About Ada Yonath
Nobel Prize in Chemistry 2009
All cells in living organisms contain tiny factories called ribosomes. These translate the genetic code into proteins, which are essential to life. They act in the same fashion in all living cells, whether in bacteria or in elephants. In humans, ribosomes produce proteins that transport oxygen, capture viruses, create energy and carry out many other tasks.
In the late 1970s, Professor Ada Yonath turned her attention to these minuscule wonders and, against all odds, eventually succeeded in determining the structure of the bacterial ribosome, a breakthrough that shed light on how all ribosomes function.
Since the ribosome is a major bacterial target for antibiotics, her discoveries have also led to the design of new innovative, eco-friendly and pathogen-specific antibiotics, and to a better understanding of antibiotic resistance, which the World Health Organisation calls one of the biggest threats to global health.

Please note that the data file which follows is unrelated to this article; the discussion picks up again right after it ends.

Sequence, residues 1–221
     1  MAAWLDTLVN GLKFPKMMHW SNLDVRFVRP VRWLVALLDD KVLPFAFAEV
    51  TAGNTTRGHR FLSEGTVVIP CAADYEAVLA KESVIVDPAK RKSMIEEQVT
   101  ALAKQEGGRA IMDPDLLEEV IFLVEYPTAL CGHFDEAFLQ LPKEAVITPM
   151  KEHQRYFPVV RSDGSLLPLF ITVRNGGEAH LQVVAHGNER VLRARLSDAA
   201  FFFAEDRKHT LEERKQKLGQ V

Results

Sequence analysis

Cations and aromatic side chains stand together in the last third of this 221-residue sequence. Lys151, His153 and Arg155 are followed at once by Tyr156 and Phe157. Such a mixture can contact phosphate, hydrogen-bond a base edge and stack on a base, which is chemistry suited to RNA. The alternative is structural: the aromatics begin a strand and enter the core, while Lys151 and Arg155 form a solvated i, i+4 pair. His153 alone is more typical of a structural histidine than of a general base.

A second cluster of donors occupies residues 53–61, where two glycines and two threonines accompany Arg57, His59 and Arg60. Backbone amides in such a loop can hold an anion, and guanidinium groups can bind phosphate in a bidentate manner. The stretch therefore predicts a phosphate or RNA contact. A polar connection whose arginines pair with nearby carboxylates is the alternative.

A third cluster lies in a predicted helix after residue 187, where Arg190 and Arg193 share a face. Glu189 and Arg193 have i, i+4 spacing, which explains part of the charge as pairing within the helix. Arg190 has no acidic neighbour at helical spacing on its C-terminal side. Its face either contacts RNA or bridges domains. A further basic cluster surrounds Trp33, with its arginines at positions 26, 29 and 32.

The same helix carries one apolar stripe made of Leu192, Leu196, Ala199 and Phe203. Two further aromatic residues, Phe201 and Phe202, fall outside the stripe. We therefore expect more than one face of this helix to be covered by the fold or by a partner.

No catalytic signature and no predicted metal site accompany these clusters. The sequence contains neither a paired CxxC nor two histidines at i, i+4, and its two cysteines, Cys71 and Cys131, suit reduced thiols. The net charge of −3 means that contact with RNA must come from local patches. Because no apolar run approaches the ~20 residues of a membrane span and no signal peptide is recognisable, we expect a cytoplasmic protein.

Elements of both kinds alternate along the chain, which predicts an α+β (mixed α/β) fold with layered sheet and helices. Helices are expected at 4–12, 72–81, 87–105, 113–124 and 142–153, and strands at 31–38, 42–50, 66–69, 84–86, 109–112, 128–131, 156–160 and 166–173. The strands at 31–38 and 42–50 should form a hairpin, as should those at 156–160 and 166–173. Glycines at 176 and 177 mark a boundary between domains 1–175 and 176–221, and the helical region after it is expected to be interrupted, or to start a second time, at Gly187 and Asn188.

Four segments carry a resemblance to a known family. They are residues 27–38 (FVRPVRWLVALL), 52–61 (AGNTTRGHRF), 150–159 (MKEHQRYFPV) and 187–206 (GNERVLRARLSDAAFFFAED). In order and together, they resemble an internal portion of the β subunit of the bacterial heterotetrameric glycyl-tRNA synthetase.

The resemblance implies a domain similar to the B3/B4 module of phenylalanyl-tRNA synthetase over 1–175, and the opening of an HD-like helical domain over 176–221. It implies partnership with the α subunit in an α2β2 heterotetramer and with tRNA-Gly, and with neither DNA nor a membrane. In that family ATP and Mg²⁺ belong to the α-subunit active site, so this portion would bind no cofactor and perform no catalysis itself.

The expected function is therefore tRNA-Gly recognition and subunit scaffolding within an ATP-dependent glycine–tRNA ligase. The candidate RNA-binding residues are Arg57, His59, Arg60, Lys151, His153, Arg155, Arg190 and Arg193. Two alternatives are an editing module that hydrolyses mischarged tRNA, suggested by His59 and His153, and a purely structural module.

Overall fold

For her seminal work, Professor Yonath was awarded the 2009 Nobel Prize in Chemistry alongside two other scientists. The Nobel Prize committee noted that when Professor Yonath began her research, the ribosome was considered impossible to crystallise - a key step to determining its structure - because of its size, lack of internal symmetry and instability.
Despite steep odds and widespread derision, she persevered. She overcame the instability problem by using ribosomes from tough bacterial strains found in the Dead Sea, hot springs and nuclear facilities’ waste, and after 25,000 searches for the right crystallization conditions, succeeded in obtaining ribosomal crystals.
The crystals, however, decayed almost instantly at ambient temperature in X-rays used for data collection. Professor Yonath thought the cause was motion within the sensitive crystals, and invented a way to minimise their internal energy and reduce the motion by deep cooling.
To avoid ice formation within and around the crystals, she dipped them in a high viscosity hydrocarbon polymer before snap-freezing them to cryogenic temperatures. This technique is now called cryo-bio-crystallography and is routinely used in structural biology.
Due to her innovations, others tried to determine the ribosome’s structure. In 2000, she and her fellow Nobel Laureates were the first with almost simultaneously published papers.
Professor Yonath is the Martin S. and Helen Kimmel Professor of Structural Biology at the Weizmann Institute of Science in Israel, where she is working on the translation of the genetic code, antibiotics that hamper it, antibiotic resistance issues, and the origin of life.